A recent development in which the hon. Member may be interested is the making of arrangements for a free service of syringes to be available to family doctors for use in taking blood specimens for examination in pathological laboratories. Then there is electrocardiography, which is becoming available to doctors with the agreement of the individual consultant. This again is proving a most useful development. As to the direct help which local health authorities can give to the family doctor, a great deal of progress is now being made and we are encouraging it as much as we can. A good example is the attachment of health visitors, either part-time or full time, to individual practices. A great deal depends, of course, on the initiative of the family doctor himself, but if there is anyway in which my Department can help in identifying the points at which he needs the support of these services and in facilitating provision of that support we shall do all we can.

Then there is the doctor's relationship with and the part he could and should play in the hospital service itself. I do not want to repeat what my right hon. Friend said in the debate when he referred to cottage hospitals. That is on the record. We do not want to go back to the days when the small, not very well-equipped cottage hospital, was the centre for treating even major illness. We have gone far beyond that and our aim now is to ensure that the family doctor plays a part in the new general hospitals equipped with the full range of modern diagnostic and treatment, facilities. The number of part-time appointments of family doctors has been increasing steadily and in the last year for which we have figures it went up by nearly 7 per cent.

In the Birmingham region, which includes the hon. Member's constituency, one family doctor in four does work of this kind. I think we may expect a further increase when hospital staffing has been reorganised as a result of the findings of Sir Robert Platt's working party, which strongly favoured work by family doctors in hospitals. Discussions are now in progress in the profession on the new "medical assistant" grade proposed by the working party which should provide further opportunity for family doctors to take part in hospital work. We find it very encouraging to note that the new generation of doctors entering general practice are particularly keen to maintain their links with hospitals.

The hon. Member touched on the question of recruitment. I do not think I need do more than remind him of what I said to the House on 19th December, namely, that there will be at least one new medical school and that in the meantime the possibilities of further expansion of existing schools will be seriously examined. Of course, there is the difficulty about locums but the increase in the total number of doctors is the most important contribution we can make to the easing of the problem.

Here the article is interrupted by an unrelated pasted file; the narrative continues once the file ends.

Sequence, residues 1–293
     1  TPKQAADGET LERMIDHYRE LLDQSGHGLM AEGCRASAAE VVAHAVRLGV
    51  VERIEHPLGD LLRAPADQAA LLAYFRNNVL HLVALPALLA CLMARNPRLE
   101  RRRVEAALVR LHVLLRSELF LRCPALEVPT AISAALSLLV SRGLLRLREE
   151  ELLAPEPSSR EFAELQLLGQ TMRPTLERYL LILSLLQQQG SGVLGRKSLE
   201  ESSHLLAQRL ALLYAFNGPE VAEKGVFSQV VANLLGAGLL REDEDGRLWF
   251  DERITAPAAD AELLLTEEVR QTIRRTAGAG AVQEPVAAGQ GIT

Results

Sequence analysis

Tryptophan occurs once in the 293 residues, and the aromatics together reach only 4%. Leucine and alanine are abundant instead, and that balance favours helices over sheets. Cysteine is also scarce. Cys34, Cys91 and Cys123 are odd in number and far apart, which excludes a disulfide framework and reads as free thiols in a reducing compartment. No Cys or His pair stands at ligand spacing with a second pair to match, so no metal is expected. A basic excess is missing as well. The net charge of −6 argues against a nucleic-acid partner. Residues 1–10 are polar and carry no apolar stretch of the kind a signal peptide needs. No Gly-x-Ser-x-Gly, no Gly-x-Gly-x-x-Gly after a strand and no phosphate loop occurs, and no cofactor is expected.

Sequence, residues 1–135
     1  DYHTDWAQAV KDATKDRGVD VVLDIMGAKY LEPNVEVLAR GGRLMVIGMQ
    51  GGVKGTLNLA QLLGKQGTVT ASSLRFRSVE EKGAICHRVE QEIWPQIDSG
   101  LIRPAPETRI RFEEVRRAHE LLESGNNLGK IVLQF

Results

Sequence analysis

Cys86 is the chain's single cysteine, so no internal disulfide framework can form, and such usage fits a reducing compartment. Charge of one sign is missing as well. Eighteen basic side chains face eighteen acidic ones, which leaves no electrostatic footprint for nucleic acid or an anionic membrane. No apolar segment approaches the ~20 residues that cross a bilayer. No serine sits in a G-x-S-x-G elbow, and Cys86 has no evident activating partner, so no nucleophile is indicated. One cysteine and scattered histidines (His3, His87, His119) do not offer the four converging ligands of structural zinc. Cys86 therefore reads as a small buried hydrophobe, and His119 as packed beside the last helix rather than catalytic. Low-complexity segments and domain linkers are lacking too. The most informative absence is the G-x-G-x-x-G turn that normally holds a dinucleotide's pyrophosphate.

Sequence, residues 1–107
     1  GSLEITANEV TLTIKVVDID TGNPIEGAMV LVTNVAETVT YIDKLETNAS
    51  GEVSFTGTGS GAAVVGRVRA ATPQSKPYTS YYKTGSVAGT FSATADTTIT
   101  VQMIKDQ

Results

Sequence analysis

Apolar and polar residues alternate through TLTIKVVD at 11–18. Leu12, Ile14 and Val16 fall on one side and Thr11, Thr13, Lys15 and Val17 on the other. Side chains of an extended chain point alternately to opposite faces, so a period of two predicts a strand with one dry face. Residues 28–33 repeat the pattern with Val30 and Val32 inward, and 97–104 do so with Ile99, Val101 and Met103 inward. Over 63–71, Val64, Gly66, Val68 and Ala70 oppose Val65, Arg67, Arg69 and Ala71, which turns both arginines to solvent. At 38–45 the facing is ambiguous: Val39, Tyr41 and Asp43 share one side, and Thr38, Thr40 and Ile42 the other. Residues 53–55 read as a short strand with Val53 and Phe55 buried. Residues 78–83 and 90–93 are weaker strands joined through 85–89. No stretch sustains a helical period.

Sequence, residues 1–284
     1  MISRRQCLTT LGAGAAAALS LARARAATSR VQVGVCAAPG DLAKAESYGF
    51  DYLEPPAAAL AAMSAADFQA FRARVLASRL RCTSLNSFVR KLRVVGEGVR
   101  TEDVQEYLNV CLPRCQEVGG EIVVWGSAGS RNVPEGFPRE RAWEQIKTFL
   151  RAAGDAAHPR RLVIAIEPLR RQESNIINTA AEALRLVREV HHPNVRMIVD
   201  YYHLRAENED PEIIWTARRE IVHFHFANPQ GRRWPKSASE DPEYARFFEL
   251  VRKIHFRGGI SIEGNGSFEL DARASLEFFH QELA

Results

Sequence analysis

We are encouraging the further education of doctors. I can assure the hon. Member that the universities are fully alive to the needs of general practice. A great deal is going on to attract young doctors specifically to general practice and to help those in general practice to receive post-graduate training. We have played our part in this including the provision of financial incentives for trainees. With the agreement of the doctors, £60 is paid from the central pool of remuneration to any family doctor who attends a certain number of refresher courses and this has had the effect of raising the demand for courses of this kind.

I think the hon. Member will agree that the independence of the medical profession is an important thing to preserve and cherish. The doctor works in his own way with help of his own choosing and makes his own decisions and, I have little doubt, wishes to remain an independent professional man. Of course, in this there is much we can do and are doing to help him. If we are able to reimburse him more directly for the expenditure he incurs we shall have made things easier for him, but let us not go to the length of taking initiative and independence out of his hands altogether. I am glad that this view of the situation is shared by the expert committee on "The Field of Work of the Family Doctor", popularly known as the Gillie Report. My right hon. Friend warmly welcomes that report. It gives a valuaable review of general practice and a great many new ideas and useful pointers to the future. The Gillie Committee throughout had in mind the need for maintaining the independence of the family doctor, and within that framework they have shown us how we can help him to keep in step with the development of modern medicine.

It is true that many of the Gillie Committee's proposals are not directed particularly at the Government but at the medical profession itself and at outside bodies such as the universities. This does not mean that we shall sit back and do nothing. That is why I am particularly glad that the hon. Member raised the question tonight. It would be wrong for any of us to take the family doctor for granted. He needs and deserves encouragement to widen his scope and to enlarge his skills. Medicine is a science, as we all know, but its practice calls for the possession of qualities which no scientific process can provide. I am talking, of course, about human understanding and compassion.

We all respect the family doctor we know in our constituencies for the skill and humanity with which he carries out his tremendous task. Let us be sure that our tributes are not just empty phrases. Government, both central and local, must ensure that the family doctor is not frustrated in playing his proper rôle in the exciting developments now under way in the health service. I suggest that here is an opportunity for all of us as individuals to recognise that the family doctor is a human being, too, that he differs from the rest of us only in that the burden of troubles and difficulties which he has to bear continuously is almost always greater than our own. For the Government I can say that we are doing and will continue to do all we can by direct action—and the Gillie Report will be our text-book for a long time to come.

The Question having been proposed after Ten o'clock and the debate having continued for half-an-hour, Mr. Speaker adjourned the House without Question put, pursuant to the Standing Order.

Adjourned at thirteen minutes to Twelve o'clock.